From August 31 to September 4, 2015, a 5-day workshop, “Wahon Literacies,” was held at UCLA and UCSB (beginning at UCLA, participants traveled on the third day to continue meeting at UCSB). The workshop, held in Japanese, was attended by 30 graduate students and faculty from US and international universities, and included UCSB graduate students Christoph Reichenbaecher (EALCS) and Travis Seifman (History), and Professors Luke Roberts (History) and Katherine Saltzman-Li (EALCS).
The workshop focused on the content and material aspects of wahon, literally “Japanese books,” books written in Japanese and bound in various formats according to period and genre. Participants considered the long temporal range of wahon production in the Classical, or Heian Period (794-1185), the “medieval” years (1185-1603), and the Early Modern, or Tokugawa Period (1603-1867). Workshop sessions were led by three eminent scholars from Japan: Professor Ogawa Yasuhiko (Aoyama Gakuin University), Professor Unno Keisuke (National Institute of Japanese Literature), and Professor Nakajima Takashi (Waseda University), who addressed Heian, medieval, and Tokugawa period writing and books, respectively.
A premise of the workshop was that lectures and hands-on sessions should be integrated over the five days to enable fullest understanding of the many topics addressed regarding wahon. Lecture-style presentations covered content, genres, format, calligraphy styles, and the specifics of the material components of books (paper and printing quality, differences among printings of the same title). Hands-on sessions included making a scroll and learning the proper way of handling and reading it, as well as making two styles of sewn books. The three professors also brought from Japan examples of the kinds of materials they discussed, and participants were able to handle and examine many fine volumes.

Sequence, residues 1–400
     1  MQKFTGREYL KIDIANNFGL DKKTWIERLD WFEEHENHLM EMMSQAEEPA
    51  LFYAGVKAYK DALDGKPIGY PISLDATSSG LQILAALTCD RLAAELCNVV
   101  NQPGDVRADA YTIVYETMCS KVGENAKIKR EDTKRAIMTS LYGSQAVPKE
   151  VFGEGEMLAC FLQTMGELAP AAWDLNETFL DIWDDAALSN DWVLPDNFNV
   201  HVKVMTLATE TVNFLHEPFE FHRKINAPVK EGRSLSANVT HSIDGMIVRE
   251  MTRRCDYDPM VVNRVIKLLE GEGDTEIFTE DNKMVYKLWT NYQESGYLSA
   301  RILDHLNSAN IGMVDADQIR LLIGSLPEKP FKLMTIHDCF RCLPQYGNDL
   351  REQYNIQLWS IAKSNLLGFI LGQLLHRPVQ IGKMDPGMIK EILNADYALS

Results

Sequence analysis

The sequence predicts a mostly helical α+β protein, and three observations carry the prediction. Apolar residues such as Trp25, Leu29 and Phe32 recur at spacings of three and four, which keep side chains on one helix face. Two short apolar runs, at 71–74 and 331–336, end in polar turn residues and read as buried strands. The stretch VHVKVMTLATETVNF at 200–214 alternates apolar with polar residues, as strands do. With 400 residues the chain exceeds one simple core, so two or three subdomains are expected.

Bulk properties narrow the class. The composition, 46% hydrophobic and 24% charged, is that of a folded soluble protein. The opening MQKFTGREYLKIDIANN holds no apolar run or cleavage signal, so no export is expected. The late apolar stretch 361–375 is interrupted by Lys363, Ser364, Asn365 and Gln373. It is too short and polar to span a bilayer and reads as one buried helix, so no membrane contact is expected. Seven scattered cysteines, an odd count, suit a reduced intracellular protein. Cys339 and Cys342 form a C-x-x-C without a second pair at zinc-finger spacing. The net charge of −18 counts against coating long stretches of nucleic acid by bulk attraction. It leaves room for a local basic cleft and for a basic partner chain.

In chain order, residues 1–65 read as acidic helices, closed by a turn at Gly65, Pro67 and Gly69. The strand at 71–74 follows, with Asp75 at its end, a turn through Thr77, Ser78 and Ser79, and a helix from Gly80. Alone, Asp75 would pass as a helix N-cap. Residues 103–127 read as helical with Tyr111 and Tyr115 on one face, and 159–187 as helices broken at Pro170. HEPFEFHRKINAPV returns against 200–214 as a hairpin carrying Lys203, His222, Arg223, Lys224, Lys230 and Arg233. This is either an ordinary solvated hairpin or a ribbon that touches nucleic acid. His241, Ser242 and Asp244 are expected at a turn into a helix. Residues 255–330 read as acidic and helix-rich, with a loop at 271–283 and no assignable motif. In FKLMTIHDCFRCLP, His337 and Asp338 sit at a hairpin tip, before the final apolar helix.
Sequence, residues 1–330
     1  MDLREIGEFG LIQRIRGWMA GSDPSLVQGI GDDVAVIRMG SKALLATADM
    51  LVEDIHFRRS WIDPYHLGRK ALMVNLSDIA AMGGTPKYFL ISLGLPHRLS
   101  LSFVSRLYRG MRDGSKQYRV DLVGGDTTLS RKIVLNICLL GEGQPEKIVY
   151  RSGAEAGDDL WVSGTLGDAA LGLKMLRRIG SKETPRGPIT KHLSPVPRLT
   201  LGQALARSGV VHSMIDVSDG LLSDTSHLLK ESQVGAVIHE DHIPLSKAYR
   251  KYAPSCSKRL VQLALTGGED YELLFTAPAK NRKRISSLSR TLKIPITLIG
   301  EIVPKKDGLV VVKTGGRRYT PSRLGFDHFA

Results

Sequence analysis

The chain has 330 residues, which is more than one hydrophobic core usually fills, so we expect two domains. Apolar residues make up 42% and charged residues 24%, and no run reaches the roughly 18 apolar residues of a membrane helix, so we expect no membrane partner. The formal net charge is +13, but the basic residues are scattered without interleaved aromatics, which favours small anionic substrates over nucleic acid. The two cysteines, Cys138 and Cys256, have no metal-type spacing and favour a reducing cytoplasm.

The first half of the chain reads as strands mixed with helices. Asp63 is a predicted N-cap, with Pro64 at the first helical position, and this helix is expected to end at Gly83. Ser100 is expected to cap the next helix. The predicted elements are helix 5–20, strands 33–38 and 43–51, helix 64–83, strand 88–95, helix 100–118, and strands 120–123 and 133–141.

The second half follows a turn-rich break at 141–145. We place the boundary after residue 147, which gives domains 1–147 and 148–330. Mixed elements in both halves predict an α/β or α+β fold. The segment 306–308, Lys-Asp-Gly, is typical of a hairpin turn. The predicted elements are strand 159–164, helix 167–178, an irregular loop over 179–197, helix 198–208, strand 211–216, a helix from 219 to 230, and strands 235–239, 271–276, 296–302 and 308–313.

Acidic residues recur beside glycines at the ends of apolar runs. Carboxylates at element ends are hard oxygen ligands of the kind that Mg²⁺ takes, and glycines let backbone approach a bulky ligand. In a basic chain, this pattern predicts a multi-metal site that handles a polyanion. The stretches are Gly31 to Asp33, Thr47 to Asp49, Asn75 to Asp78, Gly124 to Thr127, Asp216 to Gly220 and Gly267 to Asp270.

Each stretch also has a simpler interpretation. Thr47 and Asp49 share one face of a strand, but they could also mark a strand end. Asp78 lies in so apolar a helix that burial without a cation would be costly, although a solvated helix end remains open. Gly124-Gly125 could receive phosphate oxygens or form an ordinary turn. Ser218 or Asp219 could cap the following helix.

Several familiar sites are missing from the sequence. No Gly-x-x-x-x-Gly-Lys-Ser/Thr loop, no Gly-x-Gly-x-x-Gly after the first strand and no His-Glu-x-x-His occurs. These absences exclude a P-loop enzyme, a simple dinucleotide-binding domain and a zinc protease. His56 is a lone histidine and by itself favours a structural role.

“Wahon Literacies” was very generously subsidized by the Tadashi Yanai Initiative for Globalizing Japanese Humanities, with sponsorship also from The Japan-U.S. Friendship Commission and the Northeast Asia Council of the Association for Asian Studies, as well as The Terasaki Center for Japanese Studies of UCLA. The Yanai Initiative at UCLA – led by “our own” Professor Michael Emmerich, who taught and leant his many talents to UCSB in our department from 2009-2013 – is supported by a gift from Tadashi Yanai, chairman, president and CEO of global apparel retailer Fast Retailing and founder of Uniqlo. The gift supports a six-year program of scholarly exchange on Japanese literature and culture between UCLA and Waseda University, as well as an annual international symposium at UCLA and an annual UCLA/UCSB workshop. We look forward to our continuing collaboration on the annual workshop, each to have its own theme, and are excited for the opportunity to participate in such a stimulating endeavor.